A month or so ago I started collection emails on searchcode.com to determine if there was enough interest in a downloadable version of searchcode. The results were overwhelmingly positive. The email list grew far beyond what I would have expected, and this was in the first month. As such I have been working in this downloadable version of searchcode which will probably be called searchcode server.
Progress has been reasonably straight forward consider that searchcode.com is written using mostly Python and searchcode server is mostly Java. The main reason for choosing Java is that I really wanted searchcode server to be a self contained application which could be downloaded and run without the configuration and setup of additional services.
At present it is surprisingly workable. You can input repositories (git only at this point) to be indexed and after a short amount of time they will be searchable via the main interface. A few screenshots are included at the end of this post for those curious.
There is still time to sign up and be one of the first to receive access. Being on the sign up list will also give you a discount when it is actually released if you need something greater than the community edition.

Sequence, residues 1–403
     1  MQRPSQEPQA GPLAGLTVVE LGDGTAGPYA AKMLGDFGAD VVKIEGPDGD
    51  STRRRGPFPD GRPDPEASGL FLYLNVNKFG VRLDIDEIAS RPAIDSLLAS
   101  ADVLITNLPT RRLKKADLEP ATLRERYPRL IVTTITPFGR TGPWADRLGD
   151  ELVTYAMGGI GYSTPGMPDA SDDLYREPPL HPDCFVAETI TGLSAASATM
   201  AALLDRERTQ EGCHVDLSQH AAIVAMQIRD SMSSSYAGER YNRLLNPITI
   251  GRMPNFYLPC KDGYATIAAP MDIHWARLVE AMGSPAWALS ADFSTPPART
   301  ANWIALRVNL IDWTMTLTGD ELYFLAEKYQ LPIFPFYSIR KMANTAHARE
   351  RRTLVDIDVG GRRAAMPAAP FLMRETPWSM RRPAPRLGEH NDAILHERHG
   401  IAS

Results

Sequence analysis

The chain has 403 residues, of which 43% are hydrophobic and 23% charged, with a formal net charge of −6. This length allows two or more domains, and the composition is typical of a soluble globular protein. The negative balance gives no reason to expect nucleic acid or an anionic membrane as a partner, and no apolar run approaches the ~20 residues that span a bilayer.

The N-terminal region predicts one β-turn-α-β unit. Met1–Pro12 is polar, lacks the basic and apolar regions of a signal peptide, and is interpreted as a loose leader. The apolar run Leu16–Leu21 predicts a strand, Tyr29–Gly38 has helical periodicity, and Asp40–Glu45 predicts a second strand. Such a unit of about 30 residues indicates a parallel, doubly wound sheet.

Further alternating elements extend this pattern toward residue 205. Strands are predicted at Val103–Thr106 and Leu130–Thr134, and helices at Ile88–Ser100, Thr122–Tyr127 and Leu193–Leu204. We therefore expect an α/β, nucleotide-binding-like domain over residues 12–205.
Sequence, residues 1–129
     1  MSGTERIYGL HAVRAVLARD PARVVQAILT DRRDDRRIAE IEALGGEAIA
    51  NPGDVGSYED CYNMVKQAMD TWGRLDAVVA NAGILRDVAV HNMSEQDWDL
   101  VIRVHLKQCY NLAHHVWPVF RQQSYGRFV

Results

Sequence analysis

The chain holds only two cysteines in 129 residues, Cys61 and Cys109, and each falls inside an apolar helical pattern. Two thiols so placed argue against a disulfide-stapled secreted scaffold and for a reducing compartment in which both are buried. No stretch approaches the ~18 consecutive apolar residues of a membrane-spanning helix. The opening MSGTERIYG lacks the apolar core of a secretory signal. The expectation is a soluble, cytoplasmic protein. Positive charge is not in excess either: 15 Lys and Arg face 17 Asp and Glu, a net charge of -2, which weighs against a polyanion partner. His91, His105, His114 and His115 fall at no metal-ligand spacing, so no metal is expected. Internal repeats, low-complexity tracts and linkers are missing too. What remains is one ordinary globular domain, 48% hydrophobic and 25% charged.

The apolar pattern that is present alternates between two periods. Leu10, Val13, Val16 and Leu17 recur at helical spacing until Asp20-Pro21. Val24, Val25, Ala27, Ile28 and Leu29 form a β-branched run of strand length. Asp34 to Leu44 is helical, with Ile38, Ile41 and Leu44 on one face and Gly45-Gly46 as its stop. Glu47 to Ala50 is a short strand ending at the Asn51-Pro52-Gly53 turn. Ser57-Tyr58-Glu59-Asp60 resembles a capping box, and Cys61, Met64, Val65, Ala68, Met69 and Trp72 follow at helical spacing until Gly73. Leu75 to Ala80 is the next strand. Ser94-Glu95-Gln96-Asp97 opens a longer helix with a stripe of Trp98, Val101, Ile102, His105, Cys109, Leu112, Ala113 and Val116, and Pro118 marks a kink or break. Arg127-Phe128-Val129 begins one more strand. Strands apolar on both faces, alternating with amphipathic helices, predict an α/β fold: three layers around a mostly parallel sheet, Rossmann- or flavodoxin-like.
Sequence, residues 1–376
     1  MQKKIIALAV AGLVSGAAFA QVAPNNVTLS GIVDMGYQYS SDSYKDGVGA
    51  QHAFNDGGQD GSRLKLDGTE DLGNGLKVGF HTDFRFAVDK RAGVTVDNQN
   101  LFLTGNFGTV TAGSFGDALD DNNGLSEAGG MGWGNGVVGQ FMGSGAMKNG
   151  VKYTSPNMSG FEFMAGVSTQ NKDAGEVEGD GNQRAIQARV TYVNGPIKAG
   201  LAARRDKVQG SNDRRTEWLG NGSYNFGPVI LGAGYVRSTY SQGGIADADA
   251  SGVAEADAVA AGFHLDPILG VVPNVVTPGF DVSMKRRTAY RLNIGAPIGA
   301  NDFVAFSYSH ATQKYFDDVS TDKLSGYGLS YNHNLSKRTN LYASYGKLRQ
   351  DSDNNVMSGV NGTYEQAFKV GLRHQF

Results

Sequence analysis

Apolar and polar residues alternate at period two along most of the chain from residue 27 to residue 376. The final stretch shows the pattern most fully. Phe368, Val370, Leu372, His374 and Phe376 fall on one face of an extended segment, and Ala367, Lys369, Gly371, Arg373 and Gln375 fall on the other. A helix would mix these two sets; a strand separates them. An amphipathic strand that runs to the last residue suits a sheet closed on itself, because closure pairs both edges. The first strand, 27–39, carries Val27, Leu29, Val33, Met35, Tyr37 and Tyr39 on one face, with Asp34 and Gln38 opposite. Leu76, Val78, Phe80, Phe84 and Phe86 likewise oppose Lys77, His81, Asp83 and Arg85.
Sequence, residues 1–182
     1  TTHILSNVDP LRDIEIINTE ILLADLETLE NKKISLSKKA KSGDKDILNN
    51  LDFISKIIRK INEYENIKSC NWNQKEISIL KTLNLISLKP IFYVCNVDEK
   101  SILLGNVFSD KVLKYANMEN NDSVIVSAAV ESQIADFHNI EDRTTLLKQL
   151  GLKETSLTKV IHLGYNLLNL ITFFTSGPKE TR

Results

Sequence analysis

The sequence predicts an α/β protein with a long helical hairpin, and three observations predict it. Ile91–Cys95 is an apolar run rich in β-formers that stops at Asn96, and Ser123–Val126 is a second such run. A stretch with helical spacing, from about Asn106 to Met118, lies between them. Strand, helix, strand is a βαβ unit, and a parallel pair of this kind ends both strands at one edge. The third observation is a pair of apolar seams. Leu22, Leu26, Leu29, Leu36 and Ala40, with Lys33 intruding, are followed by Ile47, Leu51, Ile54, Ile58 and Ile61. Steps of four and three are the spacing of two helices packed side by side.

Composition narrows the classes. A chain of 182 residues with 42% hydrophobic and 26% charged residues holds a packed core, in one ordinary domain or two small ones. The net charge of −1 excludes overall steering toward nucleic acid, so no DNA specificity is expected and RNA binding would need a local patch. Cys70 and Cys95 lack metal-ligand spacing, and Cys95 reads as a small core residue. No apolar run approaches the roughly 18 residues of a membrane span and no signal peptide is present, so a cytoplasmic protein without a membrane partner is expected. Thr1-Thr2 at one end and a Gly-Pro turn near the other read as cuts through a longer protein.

To register your interest use the form below, or visit the searchcode server product page.
This has been released and you can now get the actual product.
Because of the fact that I personally work for an ad supported company and that searchcode.com is currently supported via third party advertising I tend to keep an eye on the state of ad blockers on the web.
Most people probably know about adblockplus and other browser extensions however there are other ways to block ad’s on ones network. One that I had previously read about was setting up your own Bind9 server on a server and adding custom rules to block them at a DNS level. Other the last week I had been playing around with this but since I am not a bind expert I was unable to get it working in a satisfactory way.
However the following article about blocking all ads using a Raspberry Pi appeared on my radar. I don’t have a Raspberry Pi, but I did have an old netbook (Asus Eee 1000HA) lying around that I was trying to find some use for. I had previously set it up with Ubuntu 14.04 and had it running under the house running OwnCloud as a test. I thought it might be a good candidate for this sort of thing.
The install was pretty easy and as simple as following the guide on http://pi-hole.net/ It says that you need to be using Raspbian but works perfectly for me. Thankfully I have a reasonably good router (D7000 which I can highly recommend) and once the setup was done I pointed its DNS at the new server and sat back for things to start working. It did. Flawlessly.
I think the advertising industry is in for a rude shock. When these devices are as cheap as this and as simple to install its only a matter of time before they become a built in to the router itself or a plug and play.